Possibly the first reference is from the 6th century BC Herodotus.7 He described that a Greek doctor, Democedes, then captive of the Persian king, Darius the Great, managed to cure a phuma in the breast of the king’s wife, Atossa, which erupted and grew in size. Democedes was evidently able to cure the lesion quite readily though it is not known how this was done. However, the relatively benign nature of this phuma would suggest that it was a benign tumour, or more likely a breast abscess, rather than a cancer.
Hippocrates (5th - 4th centuries BC) probably described the first true case of breast cancer in history in a woman from Abdera.8 She presented with a chest wall tumour associated with bleeding from the nipple, and was diagnosed to have a karkinôma (cancer). When the bleeding stopped, she died. Hippocrates also described the occurrence of phumata sclera (hard tumours) in breasts, which he claimed could turn into karkinoi kruptoi (occult cancers). This could well have represented fibrous dysplasia known to be pre-malignant.3
We have no record of breast tumours described during the Hellenistic Period.
Celsus9 (1st century AD) described breast cancer as appearing in stages of development, only the first of which (cacoethes) was curable. Celsus consequently used the Latin term cacoethes with a meaning differing from Hippocrates’ Greek term kakoêthês. The lesion then progressed to carcinoma when the swelling became irregular and fixed to surrounding tissues, with numbness and a prickling sensation of the overlying skin, which also developed prominent veins. Still later, the lesion became painful and could ulcerate through the skin. He warned, however, that it was very difficult to determine clinically when the cancer was incurable. Celsus’ therioma, sometimes associated with malignancy, fits in better with severe, spreading infection.
By the 1st century AD, breast cancer, as described by Celsus, was a well-recognised condition, but views on treatment varied considerably. Pliny the Elder10 stated that childbirth aggravated breast cancer.
Galen3,11 (2nd century) largely confirmed the views of Hippocrates and subsequent authors, stressing the concept that certain benign hard breast lesions, which he called karkinoi genomenoi, could become cancers. He considered breast cancer to be the most common cancer, stating that it usually developed after the menopause.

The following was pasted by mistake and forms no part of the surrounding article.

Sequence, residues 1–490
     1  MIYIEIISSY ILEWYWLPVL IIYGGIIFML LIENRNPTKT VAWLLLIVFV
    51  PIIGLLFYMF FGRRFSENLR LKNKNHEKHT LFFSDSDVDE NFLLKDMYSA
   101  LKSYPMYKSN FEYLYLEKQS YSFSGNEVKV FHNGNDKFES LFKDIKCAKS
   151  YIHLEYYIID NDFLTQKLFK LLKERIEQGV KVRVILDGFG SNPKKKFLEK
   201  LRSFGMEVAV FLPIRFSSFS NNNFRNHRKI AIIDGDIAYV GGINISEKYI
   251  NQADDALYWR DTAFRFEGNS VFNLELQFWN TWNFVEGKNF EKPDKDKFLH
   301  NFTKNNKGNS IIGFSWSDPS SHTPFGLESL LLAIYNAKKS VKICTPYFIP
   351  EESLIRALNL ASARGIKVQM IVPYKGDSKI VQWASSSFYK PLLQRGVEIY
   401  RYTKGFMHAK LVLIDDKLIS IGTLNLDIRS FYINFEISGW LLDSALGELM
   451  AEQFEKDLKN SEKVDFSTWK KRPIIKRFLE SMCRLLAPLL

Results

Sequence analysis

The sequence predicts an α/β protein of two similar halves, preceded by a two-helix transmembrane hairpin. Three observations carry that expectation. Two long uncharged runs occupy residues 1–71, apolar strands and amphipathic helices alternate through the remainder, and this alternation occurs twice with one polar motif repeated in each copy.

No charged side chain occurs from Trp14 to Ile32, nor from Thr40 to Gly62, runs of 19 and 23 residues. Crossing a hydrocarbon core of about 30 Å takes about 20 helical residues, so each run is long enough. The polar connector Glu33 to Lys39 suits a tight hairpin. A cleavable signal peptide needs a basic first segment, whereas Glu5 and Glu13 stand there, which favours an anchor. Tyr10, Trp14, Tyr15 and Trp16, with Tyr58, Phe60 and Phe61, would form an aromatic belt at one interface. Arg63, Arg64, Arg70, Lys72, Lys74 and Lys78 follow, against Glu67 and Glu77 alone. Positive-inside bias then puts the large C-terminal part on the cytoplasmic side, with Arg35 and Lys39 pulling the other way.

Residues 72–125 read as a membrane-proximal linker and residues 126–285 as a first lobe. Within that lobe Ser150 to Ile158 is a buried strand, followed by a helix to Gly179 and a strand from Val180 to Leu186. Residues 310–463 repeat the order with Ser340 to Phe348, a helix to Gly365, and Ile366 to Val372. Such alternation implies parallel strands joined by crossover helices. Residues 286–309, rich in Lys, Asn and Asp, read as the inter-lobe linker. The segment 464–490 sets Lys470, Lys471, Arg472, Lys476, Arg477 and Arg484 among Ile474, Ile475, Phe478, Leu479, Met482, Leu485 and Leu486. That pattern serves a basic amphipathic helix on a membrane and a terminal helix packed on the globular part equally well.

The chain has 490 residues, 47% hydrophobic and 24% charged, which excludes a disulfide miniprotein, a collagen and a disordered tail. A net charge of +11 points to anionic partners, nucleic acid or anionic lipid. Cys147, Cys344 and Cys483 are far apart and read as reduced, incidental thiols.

Aëtius of Amida12 (6th century) based his authoritative writings on breast cancer on the views of two well-known physicians of earlier years: Archigenes of Apamea (late 1st century), often quoted by Galen, and the surgeon, Leonides (also called Leonidas) of Alexandria. He stated that although breast cancer could occur in male breasts, it was most commonly found in large, fleshy female breasts. He differentiated between ulcerated and non-ulcerated tumours, but otherwise confirmed characteristics as previously described by Celsus. He also identified a cancer localised to the nipple area, which had a good prognosis.
Soranus of Ephesus13 (turn of the 1st century AD) left us an extensive contribution on diseases of women, but there is no description of breast cancer in his surviving works. Neither does Caelius Aurelianus’14 extensive Latin translation of Soranus’ works on acute and chronic diseases (probably 5th century) include a contribution on this disease.
Hippocrates (5th - 4th centuries BC) did not relate how the karkinôma of the woman from Abdera was treated. Virtually no information on the handling of breast cancers is found in the Corpus Hippocraticum. However, the advice in Aphorisms that deep-seated cancers should not be treated at all, as treatment shortened the patient’s life, confirms that cancer therapy was in vogue.3 Although surgery comprised an extensive and excellent component of the Corpus, there is no mention of mammary surgery.15
In his De Agricultura, Cato16 (234 - 149 BC) proposed cabbage (especially the small variety), that should be crushed and applied as a poultice twice a day, as a panacea for contusions, dislocations, wounds and sores, and ulcer or cancer of the breast in particular. In the centuries after Hippocrates, many animal, vegetable and mineral products, besides cabbage, were used as anti-tumour therapy, and elements of surgery and cautery were gradually introduced. However, the first available systematic recording of such treatment for breast cancer dates from the 1st century A.D.
Celsus9 stated that only the earliest stage of breast cancer (cacoethes) could be cured but, because it was clinically very difficult to distinguish this from more advanced tumour (carcinoma), caustic medicaments should be applied when there was doubt. If this relieved the tumour, treatment should be advanced to excision and cautery. He also advised that even incurable lesions could find long-lasting benefit from soothing applications such as fig plasters or rose cerate mixed with powder from a blacksmith’s crusted earthenware pot. With considerable growth of the tumour, a mild caustic such as copper scales could be tried.
Like Plinius the Younger17 (1st century AD), Scribonius Largus18